07-08-2020  3:55 pm   •   PDX and SEA Weather
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NORTHWEST NEWS

Oregon DOJ to Hold Listening Sessions on Institutional Racism; Leaders Wary

DOJ will hold 11 virtual listening sessions for underserved Oregonians.

Portland Black Community Frustrated as Violence Mars Protests

Black leaders condemn violence from small group of mostly-white activists as Rose City Justice suspends nightly marches

Protester Dies After Car Hits Two on Closed Freeway

Summer Taylor, 24, of Seattle died and Taylor and Diaz Love of Portland were injured. The driver, Dawit Kelete has been arrested

Police Union Contract Extended, Bargaining to Continue

Negotiations will resume in January 2021.

NEWS BRIEFS

Portland Art Museum and Northwest Film Center Announce Artist Fund

The fund will help support artists during COVID crisis and beyond ...

The OHS Museum Reopens Saturday, July 11

The Oregon Historical Society museum will reopen with new hours and new safety protocols ...

Meyer Memorial Trust Announces New Trustee

Amy C. Tykeson of Bend, will oversee management of the 38-year-old Oregon-serving foundation. ...

African American Alliance for Home Ownership Announces New Board Member

AAAH has announced the appointment of Carl Anderson, M.D., a staff physician specializing in occupational medicine with Northwest...

Ploughshares Fund announces over $1 million in Grants to Stop Nuclear Threats

The global security foundation’s board of directors awards grants to 15 organizations working on nuclear weapons issues ...

Police: million lost due to ongoing Portland protests

PORTLAND, Ore. (AP) — Downtown businesses in Portland, Oregon, have sustained about million in damages and lost customers because of violent nightly protests that have wracked the city, authorities said Wednesday.At a police briefing, Deputy Chief Chris Davis said the intensity of the...

Coronavirus kills funding of 37 projects in Oregon

BEND, Ore. (AP) — A steep drop in lottery funds due to the COVID-19 crisis has killed the sale of 3 million in state bonds to pay for major projects in Oregon, the Bulletin newspaper of Bend reported Wednesday.The 37 projects authorized by the Legislature at the end of the 2019 session...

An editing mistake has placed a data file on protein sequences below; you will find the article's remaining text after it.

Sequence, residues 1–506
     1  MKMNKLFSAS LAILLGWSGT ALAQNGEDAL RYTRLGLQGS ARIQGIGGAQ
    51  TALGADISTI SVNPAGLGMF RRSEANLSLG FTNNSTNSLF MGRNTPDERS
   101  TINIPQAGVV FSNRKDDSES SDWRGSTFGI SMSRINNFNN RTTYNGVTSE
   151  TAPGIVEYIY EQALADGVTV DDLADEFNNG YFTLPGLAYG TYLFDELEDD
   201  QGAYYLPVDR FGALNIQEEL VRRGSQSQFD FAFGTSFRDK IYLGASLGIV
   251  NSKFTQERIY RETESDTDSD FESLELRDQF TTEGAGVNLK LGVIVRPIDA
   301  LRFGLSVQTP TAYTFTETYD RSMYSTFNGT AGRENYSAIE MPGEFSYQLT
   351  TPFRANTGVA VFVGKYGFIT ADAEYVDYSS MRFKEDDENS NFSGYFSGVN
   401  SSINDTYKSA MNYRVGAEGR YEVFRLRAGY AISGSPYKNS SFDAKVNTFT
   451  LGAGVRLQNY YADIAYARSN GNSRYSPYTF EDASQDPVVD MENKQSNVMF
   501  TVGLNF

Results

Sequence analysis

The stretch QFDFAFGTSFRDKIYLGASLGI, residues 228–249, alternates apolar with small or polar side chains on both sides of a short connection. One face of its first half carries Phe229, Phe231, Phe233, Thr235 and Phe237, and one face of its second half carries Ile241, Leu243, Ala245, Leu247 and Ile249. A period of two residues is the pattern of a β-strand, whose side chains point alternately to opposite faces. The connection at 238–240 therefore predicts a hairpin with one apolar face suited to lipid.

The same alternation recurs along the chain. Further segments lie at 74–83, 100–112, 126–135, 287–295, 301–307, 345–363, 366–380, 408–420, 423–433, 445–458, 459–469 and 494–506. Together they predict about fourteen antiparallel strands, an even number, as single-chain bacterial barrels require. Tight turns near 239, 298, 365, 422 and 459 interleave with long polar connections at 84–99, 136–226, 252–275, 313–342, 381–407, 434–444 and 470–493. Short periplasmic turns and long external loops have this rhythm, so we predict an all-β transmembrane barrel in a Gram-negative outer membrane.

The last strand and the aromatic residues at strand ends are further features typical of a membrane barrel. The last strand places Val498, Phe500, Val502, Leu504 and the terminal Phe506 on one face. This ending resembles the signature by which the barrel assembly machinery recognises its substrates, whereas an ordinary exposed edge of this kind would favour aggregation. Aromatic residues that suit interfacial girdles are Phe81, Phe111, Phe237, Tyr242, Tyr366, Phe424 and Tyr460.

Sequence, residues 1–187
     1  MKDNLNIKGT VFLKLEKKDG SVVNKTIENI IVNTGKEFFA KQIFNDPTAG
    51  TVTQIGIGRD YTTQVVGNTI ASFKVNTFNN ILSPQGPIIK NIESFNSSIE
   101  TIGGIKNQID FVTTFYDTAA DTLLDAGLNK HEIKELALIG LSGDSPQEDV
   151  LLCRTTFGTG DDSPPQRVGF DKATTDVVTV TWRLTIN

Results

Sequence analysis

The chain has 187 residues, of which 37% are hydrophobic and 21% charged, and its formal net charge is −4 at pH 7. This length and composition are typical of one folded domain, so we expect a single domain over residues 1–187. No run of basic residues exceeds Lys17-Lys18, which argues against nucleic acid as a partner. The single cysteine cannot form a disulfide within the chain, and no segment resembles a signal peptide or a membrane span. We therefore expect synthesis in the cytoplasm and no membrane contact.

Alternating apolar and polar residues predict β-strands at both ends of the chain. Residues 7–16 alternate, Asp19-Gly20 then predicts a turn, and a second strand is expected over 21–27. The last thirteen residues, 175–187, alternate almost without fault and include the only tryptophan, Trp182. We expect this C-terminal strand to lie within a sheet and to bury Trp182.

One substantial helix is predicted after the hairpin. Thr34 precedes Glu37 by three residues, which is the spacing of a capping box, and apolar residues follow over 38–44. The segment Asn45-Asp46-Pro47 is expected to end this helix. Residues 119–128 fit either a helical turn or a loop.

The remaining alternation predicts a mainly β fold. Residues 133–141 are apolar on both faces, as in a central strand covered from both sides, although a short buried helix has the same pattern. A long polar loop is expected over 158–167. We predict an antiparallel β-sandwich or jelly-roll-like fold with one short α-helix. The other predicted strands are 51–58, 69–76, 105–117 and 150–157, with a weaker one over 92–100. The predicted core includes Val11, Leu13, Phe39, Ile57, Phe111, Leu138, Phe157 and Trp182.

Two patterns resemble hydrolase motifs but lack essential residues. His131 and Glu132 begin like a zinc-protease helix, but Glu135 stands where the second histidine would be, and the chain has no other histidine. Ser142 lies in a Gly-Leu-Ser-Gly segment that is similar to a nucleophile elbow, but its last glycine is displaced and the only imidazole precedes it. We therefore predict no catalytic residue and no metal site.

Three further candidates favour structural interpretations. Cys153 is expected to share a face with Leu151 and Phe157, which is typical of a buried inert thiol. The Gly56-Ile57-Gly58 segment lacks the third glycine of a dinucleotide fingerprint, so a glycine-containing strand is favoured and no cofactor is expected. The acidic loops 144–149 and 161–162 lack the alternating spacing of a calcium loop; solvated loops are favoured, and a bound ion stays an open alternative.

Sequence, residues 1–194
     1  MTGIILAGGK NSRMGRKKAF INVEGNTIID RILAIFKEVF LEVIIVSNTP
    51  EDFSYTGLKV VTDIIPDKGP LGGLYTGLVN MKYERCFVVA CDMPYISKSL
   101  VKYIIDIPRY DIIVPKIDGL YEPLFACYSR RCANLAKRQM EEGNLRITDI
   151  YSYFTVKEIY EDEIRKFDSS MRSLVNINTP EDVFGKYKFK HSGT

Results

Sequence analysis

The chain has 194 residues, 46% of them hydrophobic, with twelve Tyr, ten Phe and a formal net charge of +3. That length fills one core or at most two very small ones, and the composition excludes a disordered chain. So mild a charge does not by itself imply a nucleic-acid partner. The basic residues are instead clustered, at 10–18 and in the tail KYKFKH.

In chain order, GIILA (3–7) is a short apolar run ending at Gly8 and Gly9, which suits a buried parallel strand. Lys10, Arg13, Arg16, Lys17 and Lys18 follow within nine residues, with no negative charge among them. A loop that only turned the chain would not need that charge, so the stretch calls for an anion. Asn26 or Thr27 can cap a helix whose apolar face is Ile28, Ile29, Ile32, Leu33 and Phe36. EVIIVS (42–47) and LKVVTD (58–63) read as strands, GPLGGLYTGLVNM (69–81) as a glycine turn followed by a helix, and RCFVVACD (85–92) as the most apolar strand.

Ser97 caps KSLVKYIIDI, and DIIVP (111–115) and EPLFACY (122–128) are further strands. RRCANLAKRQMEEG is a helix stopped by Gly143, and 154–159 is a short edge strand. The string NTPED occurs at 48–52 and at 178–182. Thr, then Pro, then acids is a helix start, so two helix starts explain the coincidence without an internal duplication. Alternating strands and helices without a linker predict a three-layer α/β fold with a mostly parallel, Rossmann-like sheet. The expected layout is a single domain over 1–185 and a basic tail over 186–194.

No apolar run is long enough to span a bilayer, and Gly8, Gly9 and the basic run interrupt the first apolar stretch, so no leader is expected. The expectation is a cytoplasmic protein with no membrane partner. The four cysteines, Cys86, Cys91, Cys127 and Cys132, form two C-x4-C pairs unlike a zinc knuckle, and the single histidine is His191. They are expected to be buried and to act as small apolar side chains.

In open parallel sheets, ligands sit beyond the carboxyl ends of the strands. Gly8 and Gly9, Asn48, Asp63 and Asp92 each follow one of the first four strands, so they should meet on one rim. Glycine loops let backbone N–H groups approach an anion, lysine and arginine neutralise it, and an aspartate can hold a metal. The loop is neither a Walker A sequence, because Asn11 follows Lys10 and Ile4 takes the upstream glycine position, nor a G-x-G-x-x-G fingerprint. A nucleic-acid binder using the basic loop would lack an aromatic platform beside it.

Iowa defensive back Jack Koerner hurt in jet ski accident

IOWA CITY, Iowa (AP) — Iowa defensive back Jack Koerner sustained serious injuries when he and a passenger on a jet ski collided with a boat on the Lake of the Ozarks in Missouri.According to a police report, Koerner and Cole Coffin were hurt at about 6:30 p.m. Friday when their watercraft...

Missouri football program pushes again for racial justice

COLUMBIA, Mo. (AP) — Ryan Walters had just arrived at the University of Missouri to coach safeties for the football program when a series of protests related to racial injustice led to the resignations of the system president and the chancellor of its flagship campus.The student-led movement...

OPINION

Recent Protests Show Need For More Government Collective Bargaining Transparency

Since taxpayers are ultimately responsible for funding government union contract agreements, they should be allowed to monitor the negotiation process ...

The Language of Vote Suppression

A specific kind of narrative framing is used to justify voter suppression methods and to cover up the racism that motivates their use. ...

Letter to the Community From Eckhart Tolle Foundation

The Eckhart Tolle Foundation is donating more than 250,000 dollars to organizations that are fighting racism ...

Editorial From the Publisher: Vote as Your Life Depends on It

The Republican-controlled Senate won’t pass the George Floyd Justice in Policing Act, no matter how hard Oregon’s senators and others work to push for change. ...

AFRICAN AMERICANS IN THE NEWS

Biden-Sanders task forces unveil joint goals for party unity